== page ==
Going through a divorce is not easy. You have to take care of a number of things at the same time, such as hiring a reliable lawyer, filling out the necessary paperwork, and figuring out how to divide your property.
However, none of these administrative tasks are as difficult or as important as helping your children cope with the divorce. And it does not end there. Once the divorce is over, you might have to take care of the children together with your ex-partner.
In this article, you will find a list of helpful co-parenting tips for divorced parents. They will range from things like setting boundaries, focusing on the needs of your children and working as a team to lowering your expectations and having a solid support system.
1 – Set Boundaries
If your relationship with your ex-partner is tense, then it might be a good idea to set some boundaries around your co-parenting relationship. The best way to do this is to start by defining what you want to achieve.
What are your goals?
Do you want to make things easier for your children? Or is it a matter of trying to get along with your ex? If you know what you want, then you can start setting boundaries to focus on achieving your goals and not entering into useless though exhausting battles.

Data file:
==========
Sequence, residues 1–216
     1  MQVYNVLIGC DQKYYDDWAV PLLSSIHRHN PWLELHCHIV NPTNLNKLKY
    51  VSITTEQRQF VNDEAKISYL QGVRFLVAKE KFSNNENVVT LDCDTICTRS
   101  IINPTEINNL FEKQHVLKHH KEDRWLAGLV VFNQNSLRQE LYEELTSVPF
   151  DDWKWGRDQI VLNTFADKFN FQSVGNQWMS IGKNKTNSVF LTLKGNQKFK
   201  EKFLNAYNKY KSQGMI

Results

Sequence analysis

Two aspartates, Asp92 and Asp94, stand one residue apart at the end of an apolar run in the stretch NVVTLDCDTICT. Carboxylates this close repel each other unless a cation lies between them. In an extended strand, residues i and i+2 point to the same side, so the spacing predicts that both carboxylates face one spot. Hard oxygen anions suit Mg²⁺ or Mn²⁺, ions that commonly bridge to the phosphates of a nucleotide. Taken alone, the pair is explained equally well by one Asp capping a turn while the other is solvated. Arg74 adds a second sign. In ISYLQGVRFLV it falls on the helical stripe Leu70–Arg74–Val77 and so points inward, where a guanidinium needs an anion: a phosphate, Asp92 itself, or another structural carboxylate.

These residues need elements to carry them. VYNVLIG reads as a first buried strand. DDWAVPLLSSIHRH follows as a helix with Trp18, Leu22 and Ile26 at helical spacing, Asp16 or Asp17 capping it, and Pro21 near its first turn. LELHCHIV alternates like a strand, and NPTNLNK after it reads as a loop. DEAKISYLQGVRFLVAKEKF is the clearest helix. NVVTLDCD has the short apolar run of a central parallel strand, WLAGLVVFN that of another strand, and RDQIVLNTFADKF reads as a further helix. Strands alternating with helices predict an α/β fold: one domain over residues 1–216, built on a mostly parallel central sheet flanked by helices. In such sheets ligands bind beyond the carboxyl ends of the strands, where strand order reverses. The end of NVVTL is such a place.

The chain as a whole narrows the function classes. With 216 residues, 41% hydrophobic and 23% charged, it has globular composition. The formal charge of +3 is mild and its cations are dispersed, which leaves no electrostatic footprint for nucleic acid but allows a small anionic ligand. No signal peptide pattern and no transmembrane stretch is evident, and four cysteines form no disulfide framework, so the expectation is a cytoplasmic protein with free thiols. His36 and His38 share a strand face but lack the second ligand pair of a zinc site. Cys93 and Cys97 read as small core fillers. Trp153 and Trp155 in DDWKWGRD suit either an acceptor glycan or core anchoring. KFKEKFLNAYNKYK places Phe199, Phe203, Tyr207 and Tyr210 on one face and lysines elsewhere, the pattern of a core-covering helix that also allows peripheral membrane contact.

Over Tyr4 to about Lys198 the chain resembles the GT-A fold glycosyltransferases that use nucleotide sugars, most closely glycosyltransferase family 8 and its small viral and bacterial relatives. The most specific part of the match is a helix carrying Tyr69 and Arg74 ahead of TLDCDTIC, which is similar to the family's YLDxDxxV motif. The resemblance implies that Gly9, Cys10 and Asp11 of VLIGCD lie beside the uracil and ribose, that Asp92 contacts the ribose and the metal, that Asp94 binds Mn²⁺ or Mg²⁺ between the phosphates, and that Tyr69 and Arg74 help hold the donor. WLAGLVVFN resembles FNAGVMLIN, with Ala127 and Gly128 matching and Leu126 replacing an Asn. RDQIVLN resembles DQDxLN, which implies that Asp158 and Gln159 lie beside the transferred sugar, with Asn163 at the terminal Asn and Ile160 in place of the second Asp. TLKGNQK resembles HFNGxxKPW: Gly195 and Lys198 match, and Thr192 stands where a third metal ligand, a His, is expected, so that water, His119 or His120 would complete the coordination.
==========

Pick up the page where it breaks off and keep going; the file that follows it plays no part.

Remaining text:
For example, you could ask your ex not to call after a certain hour of the day, and you could also ask them not to come over without warning. You could also tell them that you will only talk about certain things, such as the children’s needs and their school activities.
Of course, these things should be mutually agreed upon. You, too, will have to accept some boundaries your ex asks for. But when this happens, you will have better control over how your co-parenting relationship goes. You will also have a better chance of avoiding conflicts, and that is always a good thing.
2 – Work as a Team
You might not like your ex. They may have done some things that are difficult for you to forgive or that you don’t want to forgive. But your feelings toward your ex won’t change the fact that you must work together in order to give your children what they need and what they deserve.